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International Day Of Persons With Disability

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Seli Baisie
Journalist/ Entertainment, Lifestyle blogger, Nature Lover.

NEWS COMMENTARY ON INTERNATIONAL DAY OF PERSONS WITH DISABILITY

The annual observance of International Day of Persons with Disability (PWDs)started in 1992 after a proclamation of the UN General Assembly’s resolution 47/3. The day was instituted to promote the rights and well-being of persons with disability in all spheres of society and development and to increase awareness on the situation of persons with disability in every aspect of political, social, economic and cultural life. The UN puts the number of PWDs to about one billion worldwide This year’s global pandemic has undoubtedly reset the world’s compass on Virtually everything and re-engineered attention on ensuring vulnerable Groups are put at the center of all decision making processes. No wonder The UN is using today’s celebration to building a better: disability-inclusive,

accessible and sustainable post-COVID-19 World. Disability inclusion is not about ticking the boxes but inclusion is at the heart of human rights, sustainable development, peace and security. The 2030 agenda for Sustainable Development seeks not to leave anyone behind but ensuring that the rights of persons with disability goes beyond justice; an investment in a common future.

In Ghana, successive governments have built their predecessor’s efforts in ensuring the lives of PWDs are made more bearable. Sadly, though, the quest has been at a rather snail’s pace. The visually, speech and hearing impaired intellectually disabled like the autistic and those suffering from cerebral palsy have to contend with basic things such as easy access to public buildings. Ghana’s Persons with Disability Act, 2006, ACT 715 encapsulates their rights to include: Right to family life and social activities, differential treatment in respect of residence,non-exploitation of and discrimination against a person with disability, access to public places, services and Public employment centers.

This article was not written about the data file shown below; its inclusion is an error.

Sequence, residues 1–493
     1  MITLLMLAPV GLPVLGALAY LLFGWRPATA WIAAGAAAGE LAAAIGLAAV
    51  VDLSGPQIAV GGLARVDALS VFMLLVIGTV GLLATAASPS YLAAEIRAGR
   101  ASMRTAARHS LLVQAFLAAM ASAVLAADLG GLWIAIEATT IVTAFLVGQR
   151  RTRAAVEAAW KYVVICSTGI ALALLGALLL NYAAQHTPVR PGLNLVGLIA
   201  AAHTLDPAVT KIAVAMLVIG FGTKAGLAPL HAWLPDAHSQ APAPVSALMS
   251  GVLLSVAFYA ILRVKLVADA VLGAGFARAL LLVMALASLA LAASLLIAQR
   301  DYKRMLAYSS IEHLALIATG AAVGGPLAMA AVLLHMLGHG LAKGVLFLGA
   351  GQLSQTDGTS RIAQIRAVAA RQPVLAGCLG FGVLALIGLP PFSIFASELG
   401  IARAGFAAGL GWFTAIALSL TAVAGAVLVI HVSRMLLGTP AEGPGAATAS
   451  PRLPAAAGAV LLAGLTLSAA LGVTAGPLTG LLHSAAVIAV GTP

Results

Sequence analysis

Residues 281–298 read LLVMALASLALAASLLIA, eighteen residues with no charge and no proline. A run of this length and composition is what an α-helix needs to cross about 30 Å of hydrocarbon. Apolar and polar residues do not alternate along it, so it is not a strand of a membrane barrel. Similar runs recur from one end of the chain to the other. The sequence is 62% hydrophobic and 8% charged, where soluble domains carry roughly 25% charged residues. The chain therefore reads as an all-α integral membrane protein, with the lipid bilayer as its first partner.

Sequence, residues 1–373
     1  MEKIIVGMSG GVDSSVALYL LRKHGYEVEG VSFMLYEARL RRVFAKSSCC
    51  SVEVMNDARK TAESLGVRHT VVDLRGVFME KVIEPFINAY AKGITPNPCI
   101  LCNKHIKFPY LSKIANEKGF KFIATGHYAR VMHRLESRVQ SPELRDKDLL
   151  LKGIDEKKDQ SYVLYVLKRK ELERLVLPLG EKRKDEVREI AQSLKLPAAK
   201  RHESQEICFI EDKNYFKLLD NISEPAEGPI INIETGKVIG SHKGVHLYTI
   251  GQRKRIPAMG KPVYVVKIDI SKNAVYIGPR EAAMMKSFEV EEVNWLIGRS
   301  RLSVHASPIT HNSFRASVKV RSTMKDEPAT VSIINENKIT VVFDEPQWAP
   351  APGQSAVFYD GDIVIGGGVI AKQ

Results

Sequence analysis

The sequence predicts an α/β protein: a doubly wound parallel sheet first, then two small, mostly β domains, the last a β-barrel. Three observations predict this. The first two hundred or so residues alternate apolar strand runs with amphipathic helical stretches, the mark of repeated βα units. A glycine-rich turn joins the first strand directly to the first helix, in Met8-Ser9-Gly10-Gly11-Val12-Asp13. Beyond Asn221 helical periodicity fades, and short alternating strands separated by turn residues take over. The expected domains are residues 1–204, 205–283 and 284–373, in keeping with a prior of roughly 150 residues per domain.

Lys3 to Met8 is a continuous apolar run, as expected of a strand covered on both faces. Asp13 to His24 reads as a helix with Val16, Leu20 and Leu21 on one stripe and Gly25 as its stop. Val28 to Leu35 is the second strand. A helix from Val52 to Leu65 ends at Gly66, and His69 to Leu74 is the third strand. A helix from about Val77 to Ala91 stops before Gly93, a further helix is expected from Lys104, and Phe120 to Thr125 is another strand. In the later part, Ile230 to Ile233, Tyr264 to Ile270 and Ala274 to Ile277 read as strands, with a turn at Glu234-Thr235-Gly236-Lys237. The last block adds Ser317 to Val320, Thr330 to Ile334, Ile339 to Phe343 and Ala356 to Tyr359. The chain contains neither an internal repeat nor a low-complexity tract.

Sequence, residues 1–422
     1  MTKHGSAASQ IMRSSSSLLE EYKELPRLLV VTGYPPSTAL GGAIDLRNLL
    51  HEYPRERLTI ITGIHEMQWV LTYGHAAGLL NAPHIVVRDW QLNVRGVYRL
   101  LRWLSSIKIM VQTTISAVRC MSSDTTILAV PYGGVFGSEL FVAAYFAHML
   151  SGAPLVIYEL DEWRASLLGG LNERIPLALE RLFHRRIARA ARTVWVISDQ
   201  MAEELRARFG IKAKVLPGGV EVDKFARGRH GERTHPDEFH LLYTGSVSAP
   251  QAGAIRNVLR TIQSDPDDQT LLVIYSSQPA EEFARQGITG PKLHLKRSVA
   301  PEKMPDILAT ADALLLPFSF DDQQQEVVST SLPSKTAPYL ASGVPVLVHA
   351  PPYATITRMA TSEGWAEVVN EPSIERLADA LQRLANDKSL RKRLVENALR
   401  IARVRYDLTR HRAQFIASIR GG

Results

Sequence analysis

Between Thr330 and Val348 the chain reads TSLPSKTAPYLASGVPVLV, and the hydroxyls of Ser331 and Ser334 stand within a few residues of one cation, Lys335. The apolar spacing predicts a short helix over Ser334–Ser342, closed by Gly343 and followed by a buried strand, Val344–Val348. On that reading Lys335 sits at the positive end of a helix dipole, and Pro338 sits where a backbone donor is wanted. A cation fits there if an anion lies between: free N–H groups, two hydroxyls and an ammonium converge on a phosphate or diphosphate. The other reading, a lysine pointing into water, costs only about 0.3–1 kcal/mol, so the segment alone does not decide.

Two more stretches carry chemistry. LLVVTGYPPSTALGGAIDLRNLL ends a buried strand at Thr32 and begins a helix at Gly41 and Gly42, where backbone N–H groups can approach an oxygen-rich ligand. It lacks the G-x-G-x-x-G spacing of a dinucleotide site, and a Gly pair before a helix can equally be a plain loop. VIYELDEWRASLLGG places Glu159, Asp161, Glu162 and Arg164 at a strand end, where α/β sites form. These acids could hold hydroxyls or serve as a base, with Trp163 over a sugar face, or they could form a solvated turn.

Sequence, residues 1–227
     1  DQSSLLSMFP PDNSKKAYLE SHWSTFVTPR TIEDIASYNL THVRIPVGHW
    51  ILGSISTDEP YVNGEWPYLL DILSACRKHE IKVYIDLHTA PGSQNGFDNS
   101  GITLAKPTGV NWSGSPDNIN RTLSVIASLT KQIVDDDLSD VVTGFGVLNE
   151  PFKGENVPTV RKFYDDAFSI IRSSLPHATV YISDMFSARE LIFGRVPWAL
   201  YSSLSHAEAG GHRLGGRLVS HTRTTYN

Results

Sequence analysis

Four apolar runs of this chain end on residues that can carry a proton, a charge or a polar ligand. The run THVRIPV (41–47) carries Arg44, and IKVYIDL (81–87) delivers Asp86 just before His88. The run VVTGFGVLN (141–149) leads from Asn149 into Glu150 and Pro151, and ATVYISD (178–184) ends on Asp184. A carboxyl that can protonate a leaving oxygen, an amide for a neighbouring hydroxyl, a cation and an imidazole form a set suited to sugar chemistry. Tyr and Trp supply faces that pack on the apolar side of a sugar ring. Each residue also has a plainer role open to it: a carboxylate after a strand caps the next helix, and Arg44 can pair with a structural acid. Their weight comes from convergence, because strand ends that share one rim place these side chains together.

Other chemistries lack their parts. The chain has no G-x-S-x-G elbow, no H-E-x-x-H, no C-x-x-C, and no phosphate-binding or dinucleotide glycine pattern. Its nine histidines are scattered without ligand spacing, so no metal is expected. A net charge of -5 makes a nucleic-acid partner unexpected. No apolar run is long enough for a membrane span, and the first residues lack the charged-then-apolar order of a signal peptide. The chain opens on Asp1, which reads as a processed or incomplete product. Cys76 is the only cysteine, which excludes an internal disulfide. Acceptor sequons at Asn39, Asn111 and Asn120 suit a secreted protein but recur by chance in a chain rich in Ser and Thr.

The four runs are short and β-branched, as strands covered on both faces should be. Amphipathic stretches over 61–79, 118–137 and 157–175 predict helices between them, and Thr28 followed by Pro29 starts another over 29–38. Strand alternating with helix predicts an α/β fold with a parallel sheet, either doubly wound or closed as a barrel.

These are but a few of the more than 60 rights and provisions captured in ACT 715. The question however remains that how many of such provisions has the state and society ensured their implementation to the letter. Come Monday, Ghanaians of adult suffrage will go to the polls to elect a president and parliamentarians. According to a 2017 Postgraduate research carried out by a student of the University of Ghana, the “Disability Act has no significant influence on the political inclusion of PWDs. There exist a gap between policy and implementation because the Act sets no guidelines for political engagement.” It particularly notes the work of CSOs and specific state institutions in improving electoral participation of PWDs from 2008.

The study also found that “the growing influence of partisan activities in local government elections informs the withdrawal of PWDs from the electoral participation at the grassroots level. Financial support for a party’s preferred candidates makes local electoral participation competitive and burdensome for PWDs due to their low financial status.” On the eve of the voter registration exercise this year, the Electoral Commission engaged the Federation of Disability organizations to ensure no one was excluded from the civic exercise. With the special voting forming the water test for the national exercise next week, the believe is that the EC, NCCE, Ministry for Gender and Social Protection and all allied agencies will leave no stone unturned in getting all registered PWDs to cast their ballot next week. In the spirit of compassion and the proverbial hospitality of the Ghanaian, it would be most welcoming if PWDs are given prompt attention when they get to their polling station. This is even more necessary as COVID 19 still stares us in the face. The time to build a better society that is disability-inclusive, accessible and sustainable, post-COVID 19, starts now.

BY AUGUSTUS ACQUAYE, A JOURNALIST

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